Movie Review: Rebel Without a Cause
Timothy Neuhaus ’18
On October 27, 1955, Rebel Without a Cause was released in theaters, starring James Dean, Natalie Wood, and Sal Mineo. The film is praised for its depiction of discontented and emotionally confused teenagers conflicting with each other while also displaying the banality of adult life. Filled with social commentary on the moral decay of American youth in the 1950s and its philosophical musings on finding one’s place in the world (and universe), the film’s provocative nature has cemented it as an essential viewing of American cinema. Everything about the film is iconic from Dean’s red jacket to its famous opening scene and to its acclaimed script.
I woke up this morning, you know… and the sun was shining, and it was nice, and all that type of stuff. And the first thing, I saw you, and, uh, I said, “Boy, this is gonna be one terrific day, so you better live it up, because tomorrow you’ll be nothing.” You see? And I almost was.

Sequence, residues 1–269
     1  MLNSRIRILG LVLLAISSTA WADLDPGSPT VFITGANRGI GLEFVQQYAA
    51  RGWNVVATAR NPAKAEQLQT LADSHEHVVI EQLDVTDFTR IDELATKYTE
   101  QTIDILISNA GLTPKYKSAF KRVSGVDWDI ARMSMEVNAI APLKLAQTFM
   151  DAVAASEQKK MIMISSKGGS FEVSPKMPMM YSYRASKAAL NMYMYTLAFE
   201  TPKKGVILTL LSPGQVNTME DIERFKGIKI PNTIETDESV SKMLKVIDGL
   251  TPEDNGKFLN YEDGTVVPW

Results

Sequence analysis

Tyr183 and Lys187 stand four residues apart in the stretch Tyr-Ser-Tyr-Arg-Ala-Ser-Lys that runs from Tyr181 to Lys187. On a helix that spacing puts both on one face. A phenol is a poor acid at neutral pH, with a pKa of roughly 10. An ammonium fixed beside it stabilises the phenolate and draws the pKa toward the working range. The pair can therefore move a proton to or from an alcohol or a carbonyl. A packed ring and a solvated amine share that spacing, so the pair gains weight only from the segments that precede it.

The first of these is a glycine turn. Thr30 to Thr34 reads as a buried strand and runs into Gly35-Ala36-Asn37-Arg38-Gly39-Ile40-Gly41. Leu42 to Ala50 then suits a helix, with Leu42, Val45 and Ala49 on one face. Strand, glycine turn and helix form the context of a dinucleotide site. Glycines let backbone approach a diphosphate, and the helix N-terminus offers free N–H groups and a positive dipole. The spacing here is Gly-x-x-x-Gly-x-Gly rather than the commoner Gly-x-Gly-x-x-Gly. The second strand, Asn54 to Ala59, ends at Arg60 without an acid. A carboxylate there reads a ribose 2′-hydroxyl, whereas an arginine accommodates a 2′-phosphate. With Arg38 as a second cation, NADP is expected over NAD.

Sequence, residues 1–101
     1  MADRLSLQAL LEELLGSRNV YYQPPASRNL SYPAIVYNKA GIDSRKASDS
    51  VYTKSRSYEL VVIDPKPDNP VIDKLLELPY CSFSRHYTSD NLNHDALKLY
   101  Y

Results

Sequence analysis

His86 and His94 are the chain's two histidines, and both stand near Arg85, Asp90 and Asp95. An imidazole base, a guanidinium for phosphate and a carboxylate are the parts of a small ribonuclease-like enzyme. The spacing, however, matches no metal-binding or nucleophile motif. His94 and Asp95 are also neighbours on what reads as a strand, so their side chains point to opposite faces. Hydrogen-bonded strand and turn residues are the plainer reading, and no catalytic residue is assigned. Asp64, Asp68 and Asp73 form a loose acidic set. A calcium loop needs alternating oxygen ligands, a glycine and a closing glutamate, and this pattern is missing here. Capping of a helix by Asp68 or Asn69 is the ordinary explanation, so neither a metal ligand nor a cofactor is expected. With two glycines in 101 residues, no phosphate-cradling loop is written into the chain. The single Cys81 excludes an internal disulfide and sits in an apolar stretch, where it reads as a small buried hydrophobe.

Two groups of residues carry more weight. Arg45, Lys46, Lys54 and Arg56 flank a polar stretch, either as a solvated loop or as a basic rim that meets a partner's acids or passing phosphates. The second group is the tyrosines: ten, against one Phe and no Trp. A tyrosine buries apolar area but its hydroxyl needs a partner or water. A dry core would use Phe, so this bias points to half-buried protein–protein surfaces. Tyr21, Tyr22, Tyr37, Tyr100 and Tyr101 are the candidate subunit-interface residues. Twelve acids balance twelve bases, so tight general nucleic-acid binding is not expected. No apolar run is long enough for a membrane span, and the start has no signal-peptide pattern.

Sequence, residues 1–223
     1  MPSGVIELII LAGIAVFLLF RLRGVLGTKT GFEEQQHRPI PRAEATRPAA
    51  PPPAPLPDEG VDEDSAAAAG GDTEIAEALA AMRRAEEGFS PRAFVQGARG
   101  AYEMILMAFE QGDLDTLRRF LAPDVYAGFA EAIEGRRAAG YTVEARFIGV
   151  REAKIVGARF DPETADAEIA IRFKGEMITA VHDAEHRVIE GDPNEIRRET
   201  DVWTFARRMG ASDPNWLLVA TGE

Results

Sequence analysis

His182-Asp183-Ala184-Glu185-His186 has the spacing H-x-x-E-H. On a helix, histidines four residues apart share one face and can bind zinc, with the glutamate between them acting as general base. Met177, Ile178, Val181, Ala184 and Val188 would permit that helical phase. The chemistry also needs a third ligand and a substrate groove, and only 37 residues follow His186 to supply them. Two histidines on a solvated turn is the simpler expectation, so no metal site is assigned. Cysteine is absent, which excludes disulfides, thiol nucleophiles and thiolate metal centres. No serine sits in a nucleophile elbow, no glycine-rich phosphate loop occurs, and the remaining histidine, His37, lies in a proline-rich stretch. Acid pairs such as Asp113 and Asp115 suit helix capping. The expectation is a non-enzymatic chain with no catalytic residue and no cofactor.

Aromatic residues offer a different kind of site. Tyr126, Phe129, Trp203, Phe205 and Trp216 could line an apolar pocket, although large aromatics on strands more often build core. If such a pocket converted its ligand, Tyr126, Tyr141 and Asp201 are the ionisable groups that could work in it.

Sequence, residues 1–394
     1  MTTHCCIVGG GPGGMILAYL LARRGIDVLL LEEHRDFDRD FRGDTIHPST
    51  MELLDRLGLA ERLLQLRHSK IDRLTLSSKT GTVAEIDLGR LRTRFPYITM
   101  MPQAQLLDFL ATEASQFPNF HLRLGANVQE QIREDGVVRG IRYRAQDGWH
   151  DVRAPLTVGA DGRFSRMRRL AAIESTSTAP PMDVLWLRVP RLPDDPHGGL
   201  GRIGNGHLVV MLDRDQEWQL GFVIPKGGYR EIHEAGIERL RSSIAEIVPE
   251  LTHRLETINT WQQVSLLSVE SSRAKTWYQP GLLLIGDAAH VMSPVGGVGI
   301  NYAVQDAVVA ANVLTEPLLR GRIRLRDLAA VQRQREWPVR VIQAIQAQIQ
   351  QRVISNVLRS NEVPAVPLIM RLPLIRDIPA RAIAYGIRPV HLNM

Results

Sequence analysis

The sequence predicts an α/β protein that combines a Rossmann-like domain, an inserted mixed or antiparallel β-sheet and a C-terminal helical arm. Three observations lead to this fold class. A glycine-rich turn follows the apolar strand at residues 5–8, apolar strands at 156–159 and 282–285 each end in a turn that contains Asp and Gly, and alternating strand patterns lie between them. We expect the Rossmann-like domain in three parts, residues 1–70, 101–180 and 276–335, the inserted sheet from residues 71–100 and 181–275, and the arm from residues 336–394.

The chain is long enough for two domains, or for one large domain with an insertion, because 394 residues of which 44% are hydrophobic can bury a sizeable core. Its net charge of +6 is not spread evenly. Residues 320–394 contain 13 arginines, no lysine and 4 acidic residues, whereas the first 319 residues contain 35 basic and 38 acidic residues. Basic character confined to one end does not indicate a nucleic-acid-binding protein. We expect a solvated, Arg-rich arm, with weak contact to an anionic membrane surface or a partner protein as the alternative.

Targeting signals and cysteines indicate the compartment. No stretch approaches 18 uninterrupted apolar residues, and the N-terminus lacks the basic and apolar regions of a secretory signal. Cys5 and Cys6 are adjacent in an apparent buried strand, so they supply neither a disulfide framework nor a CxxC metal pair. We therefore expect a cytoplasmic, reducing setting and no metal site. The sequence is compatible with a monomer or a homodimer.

The film’s indelible mark on American culture resonates still as it is a landmark of American cinema.
James Dean plays Jim Stark, a maladjusted teen who struggles to make friends because his parents force their family to move constantly. Natalie Wood is Judy, a teen struggling for emotional connection. Sal Mineo is John “Plato” Crawford, a neurotic and lonely teen abandoned by his parents. Each character struggles in their life at home: Jim is frustrated with his parents, Judy struggles to connect with her father, Sal is abandoned by his parents and left to the care of a housekeeper. As events transpire in the film, the characters learn of each other’s emotional insecurities and connect in an almost familial like bond. Occurring over the course of only a day, the movie is fast-paced, but never sacrifices its emotion. Nor does it slack in pacing. Dean’s portrayal of a troubled teen is intense, raw, and realistic. Wood and Mineo’s portrayals are equally intense and captivating. The characters are introduced to one another by chance in a police station, but over a 24 hour period, they are intertwined in a film depicting the melancholy and confusion of youth.